joe maddon

2015 Predictions

Despite my complete failure to predict anything correctly last year, I’ve decided to roll out another set of predictions this year, apparently because I am a depraved masochist.  While I referred to my 2014 predictions as “bold”, I make no assertion about the boldness of this year’s predictions.  I no longer care about my perceived boldness.  I just want to get one right.

1.  Each National League division winner from 2014 (Nationals, Cardinals, Dodgers) will repeat.

While the 2015 American League looks like a complete crapshoot, with various upstarts on the rise and traditional powers on the decline, I don’t expect much to change at the top of the NL.  The Nationals started with three excellent starters in Stephen Strasburg, Jordan Zimmermann and Gio Gonzalez, and then over the past year have added 40% of what used to be the best rotation in baseball (Max Scherzer and Doug Fister from Detroit).  The Dodgers are still the best team in the West on paper and have the means to add whatever they need over the course of the season.  The Cardinals, on the other hand, do seem to be vulnerable in the Central after a rather underwhelming 2014, but I’m not sure their division rivals have made quite enough strides to overtake them this year.  Which leads me to my next prediction…

2.  The Cubs will be a massive disappointment.

Everyone seems to love what the Cubs have done over the offseason, from signing Jon Lester to poaching Joe Maddon.  Add that to the best group of prospects in baseball, and many are picking the Cubs to experience a huge turnaround.  In fact, fans and bettors are so excited that the Cubs are leading World Series odds in Vegas, now at 6 to 1.  I’m sorry, this is just insane.  This is still a team that finished in last place in 2014, and the success of the team is largely tied to the development of youngsters with little to no major league experience, such as Kris Bryant, Javier Baez and Jorge Soler.  I have no doubt that the Cubs are headed in the right direction, but those counting on big things for 2015 are going to end up being very, very sad.  I mean, we’re talking about the Cubs!  Have we learned nothing from the past 100+ years?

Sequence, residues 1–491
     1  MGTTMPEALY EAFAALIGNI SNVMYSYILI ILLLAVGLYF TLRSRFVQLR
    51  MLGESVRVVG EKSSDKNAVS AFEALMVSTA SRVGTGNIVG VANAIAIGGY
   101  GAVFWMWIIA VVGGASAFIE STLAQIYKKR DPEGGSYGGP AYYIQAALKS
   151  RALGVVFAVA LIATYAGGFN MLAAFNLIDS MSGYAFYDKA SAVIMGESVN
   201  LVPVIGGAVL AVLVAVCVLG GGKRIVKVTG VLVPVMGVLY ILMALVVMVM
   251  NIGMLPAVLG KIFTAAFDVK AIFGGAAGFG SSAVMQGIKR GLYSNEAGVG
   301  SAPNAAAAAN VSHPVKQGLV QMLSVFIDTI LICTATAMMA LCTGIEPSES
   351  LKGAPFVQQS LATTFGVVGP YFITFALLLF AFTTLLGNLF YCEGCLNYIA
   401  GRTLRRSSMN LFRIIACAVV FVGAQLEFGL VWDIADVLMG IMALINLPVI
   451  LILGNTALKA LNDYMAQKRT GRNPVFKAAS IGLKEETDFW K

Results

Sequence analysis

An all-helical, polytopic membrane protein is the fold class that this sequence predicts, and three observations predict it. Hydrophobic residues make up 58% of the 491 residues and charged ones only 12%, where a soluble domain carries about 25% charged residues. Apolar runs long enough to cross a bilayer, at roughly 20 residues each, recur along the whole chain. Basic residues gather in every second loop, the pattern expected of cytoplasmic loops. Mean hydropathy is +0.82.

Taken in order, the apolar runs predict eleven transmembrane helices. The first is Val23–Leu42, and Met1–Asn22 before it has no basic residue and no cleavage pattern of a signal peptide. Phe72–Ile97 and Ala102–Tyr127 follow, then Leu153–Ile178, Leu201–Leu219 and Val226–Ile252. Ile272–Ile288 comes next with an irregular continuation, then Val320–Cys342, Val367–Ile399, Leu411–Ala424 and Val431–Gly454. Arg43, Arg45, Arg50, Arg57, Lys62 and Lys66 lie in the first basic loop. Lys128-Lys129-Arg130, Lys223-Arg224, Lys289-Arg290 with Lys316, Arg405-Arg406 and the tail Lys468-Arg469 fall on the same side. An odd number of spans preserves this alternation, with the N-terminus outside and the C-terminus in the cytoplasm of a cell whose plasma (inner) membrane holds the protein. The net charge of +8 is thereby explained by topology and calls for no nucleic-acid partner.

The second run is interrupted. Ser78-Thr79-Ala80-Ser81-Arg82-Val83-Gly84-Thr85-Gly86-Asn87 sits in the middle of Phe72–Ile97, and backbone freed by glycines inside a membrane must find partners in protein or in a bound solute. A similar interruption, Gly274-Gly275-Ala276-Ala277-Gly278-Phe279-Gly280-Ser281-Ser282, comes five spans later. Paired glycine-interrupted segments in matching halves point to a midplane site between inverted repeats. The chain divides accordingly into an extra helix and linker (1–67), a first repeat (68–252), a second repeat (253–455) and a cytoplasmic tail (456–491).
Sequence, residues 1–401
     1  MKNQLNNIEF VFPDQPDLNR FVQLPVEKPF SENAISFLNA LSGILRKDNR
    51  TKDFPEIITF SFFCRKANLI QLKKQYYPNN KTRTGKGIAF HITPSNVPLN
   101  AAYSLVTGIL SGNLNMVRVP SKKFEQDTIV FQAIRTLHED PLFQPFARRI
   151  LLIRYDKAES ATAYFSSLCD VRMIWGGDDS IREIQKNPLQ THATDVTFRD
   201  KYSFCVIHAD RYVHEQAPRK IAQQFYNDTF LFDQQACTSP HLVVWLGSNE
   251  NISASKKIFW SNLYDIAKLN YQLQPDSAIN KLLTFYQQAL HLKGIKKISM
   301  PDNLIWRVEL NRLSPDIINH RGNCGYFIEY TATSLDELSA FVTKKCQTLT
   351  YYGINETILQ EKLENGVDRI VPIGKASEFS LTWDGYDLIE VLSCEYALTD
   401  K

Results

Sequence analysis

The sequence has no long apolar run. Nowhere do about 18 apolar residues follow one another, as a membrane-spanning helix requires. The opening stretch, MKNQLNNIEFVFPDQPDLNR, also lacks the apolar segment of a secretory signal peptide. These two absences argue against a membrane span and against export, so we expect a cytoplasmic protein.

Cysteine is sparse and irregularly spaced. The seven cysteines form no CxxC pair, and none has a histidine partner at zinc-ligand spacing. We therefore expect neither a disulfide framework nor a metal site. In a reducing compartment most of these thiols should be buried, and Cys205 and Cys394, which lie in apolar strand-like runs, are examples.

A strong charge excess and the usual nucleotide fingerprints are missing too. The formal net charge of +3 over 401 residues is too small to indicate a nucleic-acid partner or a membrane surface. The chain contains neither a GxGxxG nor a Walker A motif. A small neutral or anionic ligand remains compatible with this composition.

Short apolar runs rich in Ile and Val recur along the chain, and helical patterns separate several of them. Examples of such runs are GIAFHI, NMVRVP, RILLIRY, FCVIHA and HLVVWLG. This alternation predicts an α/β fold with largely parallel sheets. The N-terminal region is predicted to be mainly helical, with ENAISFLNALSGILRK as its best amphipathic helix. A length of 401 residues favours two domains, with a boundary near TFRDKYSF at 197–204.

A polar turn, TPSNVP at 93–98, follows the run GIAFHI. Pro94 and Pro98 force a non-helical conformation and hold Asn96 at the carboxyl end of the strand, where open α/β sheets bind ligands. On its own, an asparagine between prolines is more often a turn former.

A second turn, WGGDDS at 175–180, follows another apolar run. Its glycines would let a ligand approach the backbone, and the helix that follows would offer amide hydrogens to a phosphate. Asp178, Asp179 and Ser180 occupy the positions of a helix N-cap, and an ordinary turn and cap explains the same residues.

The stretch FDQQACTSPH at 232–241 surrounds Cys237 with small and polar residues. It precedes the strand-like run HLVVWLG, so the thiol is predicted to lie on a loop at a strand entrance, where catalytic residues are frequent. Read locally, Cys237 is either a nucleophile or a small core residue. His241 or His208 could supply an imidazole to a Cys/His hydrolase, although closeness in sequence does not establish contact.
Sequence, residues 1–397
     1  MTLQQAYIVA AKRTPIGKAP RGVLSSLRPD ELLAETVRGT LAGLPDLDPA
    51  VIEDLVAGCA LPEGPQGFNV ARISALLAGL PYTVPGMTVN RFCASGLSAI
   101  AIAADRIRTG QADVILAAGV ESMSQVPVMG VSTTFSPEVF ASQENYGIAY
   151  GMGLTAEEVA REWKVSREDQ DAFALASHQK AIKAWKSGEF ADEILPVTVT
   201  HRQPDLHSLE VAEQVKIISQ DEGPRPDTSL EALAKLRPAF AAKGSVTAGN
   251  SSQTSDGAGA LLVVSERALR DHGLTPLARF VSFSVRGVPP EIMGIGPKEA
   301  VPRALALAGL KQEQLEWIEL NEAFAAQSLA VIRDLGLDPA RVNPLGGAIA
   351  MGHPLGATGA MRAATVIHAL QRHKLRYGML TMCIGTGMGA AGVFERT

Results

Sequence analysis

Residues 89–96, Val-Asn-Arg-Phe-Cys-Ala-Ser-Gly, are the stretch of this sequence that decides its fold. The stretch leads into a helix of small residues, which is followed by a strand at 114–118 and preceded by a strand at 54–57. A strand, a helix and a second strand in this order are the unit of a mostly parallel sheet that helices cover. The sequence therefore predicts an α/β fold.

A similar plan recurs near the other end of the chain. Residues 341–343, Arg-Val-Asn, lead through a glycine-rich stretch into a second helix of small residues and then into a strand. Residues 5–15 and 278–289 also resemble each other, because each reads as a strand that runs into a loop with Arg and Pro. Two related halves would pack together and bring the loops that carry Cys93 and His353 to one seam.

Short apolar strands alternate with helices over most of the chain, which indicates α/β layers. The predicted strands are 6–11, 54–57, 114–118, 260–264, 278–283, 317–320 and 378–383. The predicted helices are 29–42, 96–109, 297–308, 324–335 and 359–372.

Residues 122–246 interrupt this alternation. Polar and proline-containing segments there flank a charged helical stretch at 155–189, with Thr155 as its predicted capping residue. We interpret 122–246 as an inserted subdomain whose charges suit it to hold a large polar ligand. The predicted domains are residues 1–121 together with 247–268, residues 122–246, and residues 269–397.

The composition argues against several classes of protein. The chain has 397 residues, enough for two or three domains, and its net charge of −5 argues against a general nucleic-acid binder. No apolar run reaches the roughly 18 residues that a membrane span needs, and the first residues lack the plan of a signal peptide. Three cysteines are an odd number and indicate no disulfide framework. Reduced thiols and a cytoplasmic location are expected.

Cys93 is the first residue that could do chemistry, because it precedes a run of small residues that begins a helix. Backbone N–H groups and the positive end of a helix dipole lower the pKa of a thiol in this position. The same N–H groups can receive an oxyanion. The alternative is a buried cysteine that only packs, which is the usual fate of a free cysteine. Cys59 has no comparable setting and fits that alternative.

3.  Two of the three longest postseason droughts will come to an end.

Only three teams have failed to make the playoffs in the past ten years: the Blue Jays (21 year drought), the Mariners (13 years) and the Marlins (11 years).  All three are improved for 2015 and have major sleeper potential, and I expect at least two of these teams to finally break through and return to the playoffs.  Honestly, I hope it’s not the Marlins, because I despise this franchise and their scumbag ownership, but the bottom of the NL East (Atlanta and Philadelphia) looks terrible and the Fish should get fat playing those teams 19 times each.

4.  Baltimore will win the AL East.

The Orioles look mediocre on paper and are generally not highly regarded by the advanced stats community.  This has been true for the past three years, but the O’s have posted three straight winning seasons, averaging 91 wins a year.  And while they have lost some key contributors from last year, like Nelson Cruz and Andrew Miller, one must remember that they dominated the AL for significant portions of 2014 without Manny Machado, Matt Wieters and Chris Davis.  Sure, the rotation is nothing special, but the same can be said for nearly all of their AL East rivals.

5.  The Yankees will have a losing record for the first time since 1992.

The post-Jeter era in New York has begun, and it does not look pretty.  Sure, Jeter’s statistics were in sharp decline over the past few years, and he was barely a shell of himself during his farewell tour in 2014.  But people tend to forget that statistics can only measure so much…and that Derek Jeter is magic.  Without magic, there is no life to the Frankenstein’s monster of the Yankees roster.  All you’re left with is a bunch of inanimate rotting body parts sewn together.

6.  The Giants will miss the playoffs.

Like clockwork.  It’s an odd year.  This will mean that this “dynasty” (I shudder at this word) will have made a total of three playoff appearances over a span of seven seasons.  What a joke.

7.  The Tigers will not win 90 games.

This is the same prediction I made as last year, but it’s significantly less bold this year, as many see the Tigers as on the verge of falling off a cliff.  I wanted to go out on a limb and say that the Tigers wouldn’t make the playoffs at all, but I can’t do it.  Or rather, I don’t want to.  With all the parity in the AL and two wild-cards, who knows.  Plus, unlike their emerging division rivals, the Tigers are clearly in all-in mode, and can go for broke at the trade deadline if they are anywhere close to contending.  But, even with some good breaks, I think 90 wins is the ceiling.

8.  The Nationals will be the best team in 2015…and it won’t matter.

I’ve lost all faith in the playoffs.  They are a complete crapshoot, and the more the playoffs are expanded, the more crappyshooty they will be.  I think the Nationals are the best team in the majors, but since when does the best team win the World Series?  Or even a good team?  Whatever.  I think I’ll just root for a Beltway Series, that will be fun.  May the best team win?  Not likely.

Playoff predictions:

NL East:  Nationals
NL Central:  Cardinals
NL West:  Dodgers
NL Wild Cards:  Pirates, Marlins

AL East:  Orioles
AL Central:  Indians
AL West:  Mariners
AL Wild Cards:  Angels, Tigers

NLCS:  Nationals over Dodgers
ALCS:  Orioles over Indians

World Series:  Orioles over Nationals

Brad Ausmus, Managerial Reform and the Great Spring Hope